Kids Health Campaign

Pesticide Action Network's blog
By Pesticide Action Network,

Last week the French group Generations Futures announced findings from a small biomonitoring study of children living and learning near agricultural fields. Eighty percent of the children tested had been exposed to agricultural pesticides in the previous three months.

Researchers took hair samples from 30 children living or attending school within a 1/10 of a mile of agricultural areas. Analysis of the samples found “traces of 53 pesticides believed to affect the hormone system of mammals, leading to cancerous tumors, birth defects, developmental disorders and learning disabilities in humans.”

Kristin Schafer's blog
By Kristin Schafer,

This is very powerful data. A new, first-of-its-kind report from California's Department of Health (DPH) shows that health-harming agricultural pesticides are being sprayed close to schools across the state.

Not just a few pesticides, either — or a few schools. More than 500,000 California children in hundreds of schools spend their days within 1/4 mile of pesticide applications. Of these, more than 100,000 (mostly Latino) children in 226 schools attend classrooms near fields with the heaviest use of dangerous chemicals. We have a problem.

Kristin Schafer's blog
By Kristin Schafer,

Each year we mark national Autism Awareness Month with an update on how many children officials say are now on the autism spectrum. We highlight the latest science linking prenatal pesticide exposure to increased risk. And we make an urgent pitch to shift from awareness to prevention.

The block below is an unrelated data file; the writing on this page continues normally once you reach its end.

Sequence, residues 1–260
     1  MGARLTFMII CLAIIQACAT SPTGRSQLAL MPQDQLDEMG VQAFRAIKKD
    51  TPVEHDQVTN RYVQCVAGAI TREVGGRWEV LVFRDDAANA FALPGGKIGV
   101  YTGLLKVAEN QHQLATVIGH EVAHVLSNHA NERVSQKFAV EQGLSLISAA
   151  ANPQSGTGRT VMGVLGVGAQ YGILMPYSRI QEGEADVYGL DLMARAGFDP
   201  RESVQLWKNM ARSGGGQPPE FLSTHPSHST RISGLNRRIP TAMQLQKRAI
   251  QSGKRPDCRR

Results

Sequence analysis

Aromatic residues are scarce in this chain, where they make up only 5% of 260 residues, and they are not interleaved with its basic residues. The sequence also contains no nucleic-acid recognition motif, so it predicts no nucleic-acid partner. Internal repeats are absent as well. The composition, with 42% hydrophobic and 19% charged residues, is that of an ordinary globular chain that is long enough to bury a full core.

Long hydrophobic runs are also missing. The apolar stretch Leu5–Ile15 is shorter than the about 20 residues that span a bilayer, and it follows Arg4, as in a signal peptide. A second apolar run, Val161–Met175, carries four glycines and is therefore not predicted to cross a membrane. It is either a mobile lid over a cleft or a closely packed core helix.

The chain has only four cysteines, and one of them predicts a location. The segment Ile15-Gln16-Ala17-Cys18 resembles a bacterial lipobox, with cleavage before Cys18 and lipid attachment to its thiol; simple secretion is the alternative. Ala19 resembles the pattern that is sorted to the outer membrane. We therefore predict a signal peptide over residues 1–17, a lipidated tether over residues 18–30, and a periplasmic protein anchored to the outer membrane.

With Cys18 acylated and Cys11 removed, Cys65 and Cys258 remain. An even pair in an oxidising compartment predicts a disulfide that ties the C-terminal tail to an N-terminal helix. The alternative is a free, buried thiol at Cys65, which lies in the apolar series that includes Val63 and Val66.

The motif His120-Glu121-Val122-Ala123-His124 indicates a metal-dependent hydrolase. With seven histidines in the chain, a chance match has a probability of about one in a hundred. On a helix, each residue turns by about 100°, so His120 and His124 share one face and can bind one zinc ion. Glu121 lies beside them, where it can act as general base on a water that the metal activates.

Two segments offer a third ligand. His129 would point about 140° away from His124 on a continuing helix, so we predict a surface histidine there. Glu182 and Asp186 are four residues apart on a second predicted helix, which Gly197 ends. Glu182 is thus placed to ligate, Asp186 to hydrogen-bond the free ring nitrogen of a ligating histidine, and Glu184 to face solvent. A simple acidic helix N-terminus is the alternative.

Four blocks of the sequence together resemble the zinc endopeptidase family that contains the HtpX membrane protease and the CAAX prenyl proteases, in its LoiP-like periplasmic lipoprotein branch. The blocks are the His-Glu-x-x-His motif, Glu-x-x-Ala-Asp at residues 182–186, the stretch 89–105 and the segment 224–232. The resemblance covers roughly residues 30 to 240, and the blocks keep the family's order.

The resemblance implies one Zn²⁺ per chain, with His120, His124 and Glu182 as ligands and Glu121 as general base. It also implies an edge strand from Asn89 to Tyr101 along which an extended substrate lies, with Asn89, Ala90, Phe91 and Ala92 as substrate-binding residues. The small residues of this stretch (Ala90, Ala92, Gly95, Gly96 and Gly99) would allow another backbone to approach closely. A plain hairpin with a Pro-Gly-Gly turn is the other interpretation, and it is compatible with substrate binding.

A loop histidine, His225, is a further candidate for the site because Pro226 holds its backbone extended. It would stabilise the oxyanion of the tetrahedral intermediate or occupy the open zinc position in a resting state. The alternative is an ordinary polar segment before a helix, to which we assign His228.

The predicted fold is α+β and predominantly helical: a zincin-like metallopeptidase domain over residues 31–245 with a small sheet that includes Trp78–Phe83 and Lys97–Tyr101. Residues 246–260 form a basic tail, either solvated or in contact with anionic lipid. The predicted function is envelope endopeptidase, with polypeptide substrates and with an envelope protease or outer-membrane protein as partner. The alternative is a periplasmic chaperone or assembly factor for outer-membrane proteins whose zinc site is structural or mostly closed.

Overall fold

Well, once again the numbers are up. CDC reports that 1 in 68 children are now on the autism spectrum, up from 1 in 88 in 2008 and 1 in 150 "way back" in 2002. And once again, new science links certain chemical exposures to derailed fetal brain development — with an ever clearer understanding of how the damage is done. The good news? When it comes to talking prevention, there's been real progress.

Paul Towers's blog
By Paul Towers,

On Cesar Chavez Day, the Environmental Protection Agency (EPA) delivered a slap in the face to that day’s namesake. Five years after PAN and partners challenged the agency’s lack of protections for children from drifting pesticides — and eight years after Congress passed a law requiring it — the agency yet again failed to take any substantive action.

Frustrated yet? I am. EPA is suggesting it's better to keep pesticides on the market without any new protections, even after acknowledging potentially serious impacts on children. In Monday’s response, EPA stated that “young children may have unique exposures that adults do not have.” And still, the agency has chosen to do next to nothing.

Medha Chandra's blog
By Medha Chandra,

Last Thursday, my daughter and I had the opportunity to join a group of Californians urging state officials in Sacramento to take action on the brain-harming pesticide chlorpyrifos. In an event organized by Californians for Pesticide Reform, we made our case to the cameras on the north steps of the capitol, then submitted a petition signed by over 12,000 people to the Department of Pesticide Regulation (DPR).

Members of the group El Quinto Sol de América from Tulare County were among those who traveled to Sacramento to help shake the agency into action. For these residents of the small Central Valley agricultural town of Lindsay, the problem of chlorpyrifos is personal.